Legislation Overview: Private Mortgage Market Investment Act of 2011

by benjamin_fendler on Nov 16, 2011

A discussion draft of the legislation was introduced October 31, 2011 by Senior House Financial Services Committee member Scott Garrett (R-NJ). Here is a summary of the key points:

• Requires the Federal Housing Finance Agency (FHFA) to establish classifications for mortgages-backed securities (MBS) – to be known as Qualified Securities (QS) – and set standards around key features of the securities in order for investors to appropriately price credit risk into the QS market. Further requires FHFA to establish criteria for each classification based on underwriting, pooling and servicing, and disclosures’ standards.

• Authorizes the FHFA director to establish standards of classification for the mortgages that collateralize QS based on a mortgagors’ debt-to-income ratio, loan-to-value ratio, credit history, loan documentation, occupancy, credit enhancement, and loan payment terms.

• Directs the FHFA to establish standard form securitization agreements for QS that include terms relating to: pooling and servicing; purchase and sale; representations and warranties; indemnification and remedies; and the qualifications, responsibilities, and duties of trustees.

• Establishes an application system for qualified sponsors of QS under which interested parties would submit applications to the FHFA demonstrating proof of their experience and integrity, compliance history with Federal and State laws, adequacy of insurance and fidelity coverage, and ability to regularly submit audited financial statements to the Agency.

• Grants the FHFA director broad supervisory and enforcement capabilities, with the authority to issue regulations, orders, and interpretations in order to establish a fully-liquid forward market for QS – similar to the Fannie Mae and Ginnie Mae to-be-announced (TBA) markets in which most agency mortgage-backed securities are sold today.

• Directs the FHFA to establish mandatory arbitration procedures under which all disputes between an owner of a QS and the qualified sponsor of such QS shall be subject in the event of a disagreement between investors and issuers on whether there was a breach obligating an originator or securitization sponsor to repurchase a loan or to indemnify a loss.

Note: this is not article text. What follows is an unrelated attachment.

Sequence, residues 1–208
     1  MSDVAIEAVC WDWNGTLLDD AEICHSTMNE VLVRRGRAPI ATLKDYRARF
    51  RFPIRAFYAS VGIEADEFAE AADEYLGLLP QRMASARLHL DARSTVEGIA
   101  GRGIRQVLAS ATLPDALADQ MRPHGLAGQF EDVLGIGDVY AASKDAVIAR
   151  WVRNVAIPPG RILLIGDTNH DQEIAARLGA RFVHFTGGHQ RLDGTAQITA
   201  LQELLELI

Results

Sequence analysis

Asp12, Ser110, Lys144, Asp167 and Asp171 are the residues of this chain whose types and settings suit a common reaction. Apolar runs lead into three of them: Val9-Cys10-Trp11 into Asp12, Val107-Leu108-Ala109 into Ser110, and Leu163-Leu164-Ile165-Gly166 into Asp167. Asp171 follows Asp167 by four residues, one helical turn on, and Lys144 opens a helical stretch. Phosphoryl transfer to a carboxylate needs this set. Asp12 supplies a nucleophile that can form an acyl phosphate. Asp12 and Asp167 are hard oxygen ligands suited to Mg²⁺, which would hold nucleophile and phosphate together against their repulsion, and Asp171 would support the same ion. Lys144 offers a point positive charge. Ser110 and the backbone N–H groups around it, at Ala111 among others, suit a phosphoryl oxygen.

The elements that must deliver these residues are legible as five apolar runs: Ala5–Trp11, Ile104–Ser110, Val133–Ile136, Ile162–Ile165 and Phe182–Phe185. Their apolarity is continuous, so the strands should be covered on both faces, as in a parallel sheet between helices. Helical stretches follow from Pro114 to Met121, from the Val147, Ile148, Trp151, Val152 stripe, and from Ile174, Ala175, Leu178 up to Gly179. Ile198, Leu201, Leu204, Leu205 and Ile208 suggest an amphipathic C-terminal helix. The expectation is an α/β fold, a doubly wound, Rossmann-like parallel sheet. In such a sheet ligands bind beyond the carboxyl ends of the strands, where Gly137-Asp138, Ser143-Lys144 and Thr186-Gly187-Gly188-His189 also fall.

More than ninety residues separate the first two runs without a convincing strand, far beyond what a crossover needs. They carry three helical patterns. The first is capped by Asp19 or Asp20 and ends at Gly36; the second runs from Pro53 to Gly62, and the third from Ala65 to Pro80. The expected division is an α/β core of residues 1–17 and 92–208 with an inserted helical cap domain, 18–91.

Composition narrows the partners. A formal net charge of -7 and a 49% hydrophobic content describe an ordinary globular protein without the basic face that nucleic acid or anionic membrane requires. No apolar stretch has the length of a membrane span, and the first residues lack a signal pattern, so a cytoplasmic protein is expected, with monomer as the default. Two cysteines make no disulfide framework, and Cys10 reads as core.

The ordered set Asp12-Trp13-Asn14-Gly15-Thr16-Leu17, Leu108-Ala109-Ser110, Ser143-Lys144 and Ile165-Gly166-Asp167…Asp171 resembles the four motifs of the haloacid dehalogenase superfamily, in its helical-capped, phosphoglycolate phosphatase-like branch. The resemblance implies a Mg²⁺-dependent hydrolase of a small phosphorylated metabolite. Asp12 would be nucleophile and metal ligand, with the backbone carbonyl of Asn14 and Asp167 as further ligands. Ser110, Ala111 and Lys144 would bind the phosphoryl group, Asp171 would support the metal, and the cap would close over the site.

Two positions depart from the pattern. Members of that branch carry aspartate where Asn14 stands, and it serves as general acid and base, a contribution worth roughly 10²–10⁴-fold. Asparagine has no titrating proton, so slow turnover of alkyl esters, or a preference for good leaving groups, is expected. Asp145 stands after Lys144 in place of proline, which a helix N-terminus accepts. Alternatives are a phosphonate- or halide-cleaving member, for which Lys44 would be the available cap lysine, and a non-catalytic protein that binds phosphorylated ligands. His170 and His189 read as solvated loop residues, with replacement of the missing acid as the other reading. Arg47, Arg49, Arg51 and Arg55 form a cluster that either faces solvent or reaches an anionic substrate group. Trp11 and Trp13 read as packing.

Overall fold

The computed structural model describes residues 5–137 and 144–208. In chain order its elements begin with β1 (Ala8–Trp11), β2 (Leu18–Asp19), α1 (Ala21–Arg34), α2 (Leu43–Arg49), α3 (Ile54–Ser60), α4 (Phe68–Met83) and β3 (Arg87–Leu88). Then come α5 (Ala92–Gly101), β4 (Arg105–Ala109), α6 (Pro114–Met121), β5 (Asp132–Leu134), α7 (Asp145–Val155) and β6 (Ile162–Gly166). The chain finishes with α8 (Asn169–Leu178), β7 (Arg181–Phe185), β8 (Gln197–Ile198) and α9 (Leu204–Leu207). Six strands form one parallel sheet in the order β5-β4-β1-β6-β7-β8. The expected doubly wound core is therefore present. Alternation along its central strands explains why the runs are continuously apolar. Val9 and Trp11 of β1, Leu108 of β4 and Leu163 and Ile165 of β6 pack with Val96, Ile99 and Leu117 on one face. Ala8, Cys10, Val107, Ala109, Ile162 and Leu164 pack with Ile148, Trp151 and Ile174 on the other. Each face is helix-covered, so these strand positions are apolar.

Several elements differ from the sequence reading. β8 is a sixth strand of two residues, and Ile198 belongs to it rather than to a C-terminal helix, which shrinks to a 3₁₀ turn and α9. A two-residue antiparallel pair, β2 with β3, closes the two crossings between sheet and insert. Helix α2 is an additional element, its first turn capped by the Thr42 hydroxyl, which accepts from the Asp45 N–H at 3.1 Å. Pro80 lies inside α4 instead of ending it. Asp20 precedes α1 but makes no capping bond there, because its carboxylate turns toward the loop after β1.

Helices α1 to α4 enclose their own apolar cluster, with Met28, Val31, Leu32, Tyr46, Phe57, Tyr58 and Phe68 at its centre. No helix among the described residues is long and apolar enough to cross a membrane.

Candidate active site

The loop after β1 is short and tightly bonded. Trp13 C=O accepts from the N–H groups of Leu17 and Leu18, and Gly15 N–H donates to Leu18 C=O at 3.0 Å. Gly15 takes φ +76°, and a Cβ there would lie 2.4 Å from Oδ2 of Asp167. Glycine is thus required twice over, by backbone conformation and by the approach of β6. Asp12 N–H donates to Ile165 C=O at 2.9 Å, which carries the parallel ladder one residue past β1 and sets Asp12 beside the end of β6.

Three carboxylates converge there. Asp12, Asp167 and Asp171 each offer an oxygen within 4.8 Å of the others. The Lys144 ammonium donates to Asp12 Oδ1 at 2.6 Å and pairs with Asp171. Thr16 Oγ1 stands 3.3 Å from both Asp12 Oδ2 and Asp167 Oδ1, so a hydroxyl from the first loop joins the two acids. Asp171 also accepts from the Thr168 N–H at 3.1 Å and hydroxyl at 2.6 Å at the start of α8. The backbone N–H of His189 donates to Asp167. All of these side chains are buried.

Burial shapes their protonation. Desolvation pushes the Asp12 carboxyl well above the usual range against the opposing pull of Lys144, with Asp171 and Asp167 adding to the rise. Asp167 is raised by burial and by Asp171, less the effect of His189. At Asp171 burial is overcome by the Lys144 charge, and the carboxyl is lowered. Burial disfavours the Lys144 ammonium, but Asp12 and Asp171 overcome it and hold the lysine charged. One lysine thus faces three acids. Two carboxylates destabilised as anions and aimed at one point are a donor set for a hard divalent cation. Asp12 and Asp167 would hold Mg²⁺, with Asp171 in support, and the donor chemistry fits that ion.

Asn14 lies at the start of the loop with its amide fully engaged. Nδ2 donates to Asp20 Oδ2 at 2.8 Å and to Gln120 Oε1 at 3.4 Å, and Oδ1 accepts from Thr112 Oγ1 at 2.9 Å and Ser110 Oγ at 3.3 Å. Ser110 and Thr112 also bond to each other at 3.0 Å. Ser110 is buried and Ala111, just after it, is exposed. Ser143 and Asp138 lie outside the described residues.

• Repeals Section 15G of the Securities Exchange Act of 1934 (the Credit Risk Retention provisions of the Dodd-Frank Act), and prohibits the Office of the Comptroller of the Currency, the Board of Governors of the Federal Reserve System, the Federal Deposit Insurance Corporation, the Consumer Financial Protection Bureau, and the Securities and Exchange Commission (SEC) from issuing any rule or regulation that would require risk retention for issuers of asset-backed securities (ABS) or require that an ABS include any premium capture cash reserve account

• Exempts QS from the registration requirements of the Securities Act of 1933.

• Directs the SEC to issue regulations within six months of the bill’s enactment that require sponsors of residential mortgage-backed securities (RMBS) to disclose all pertinent information relating to the residential mortgage loans that comprise such securities, including information regarding the income and credit score of borrowers, the loan to value ratios, and the remaining term to maturity of the loans.

• Directs the SEC to issue regulations within six months of the bill’s enactment that require sponsors of all ABS other than QS to file a preliminary prospectus containing all material terms of the transaction at least 5 days before investors make an investment decision.

• Directs the SEC to issue regulations within six months of the bill’s enactment that require the dissemination of transaction, volume, and pricing information of trades of all ABS other than QS.

• Requires the FHFA to issue regulations within six months of the bill’s enactment that require each mortgage loan comprising an RMBS be assigned and carry with it a unique alphanumeric code that identifies the loan in order to facilitate ascertaining relevant information about the loan.

• Permits a servicer of a first lien loan to charge additional fees if a mortgagor takes on a second lien loan that results in a combined loan-to-value of 80% or more by requiring notice to the servicer of the first if a second is put in place, and also in the context of servicer conflicts.

• Prohibits a servicer from servicing a first mortgage if the same servicer has an interest in a second lien secured by the same property.

• Prohibits any federal department or agency from requiring principal reduction for any securitized mortgage loan.

• Amends section 129C of the Truth in Lending Act to exempt mortgage loans collateralizing QS from the Qualified Mortgage (QM) definition established under the Dodd-Frank Act.

• Requires the Department of Housing and Urban Development (HUD), the Department of Veterans Affairs (VA), and the Department of Agriculture to prescribe rules – in consultation with the Consumer Financial Protection Bureau (CFPB) – defining the types of loans they insure guarantee, or administer, that qualify as QM’s.

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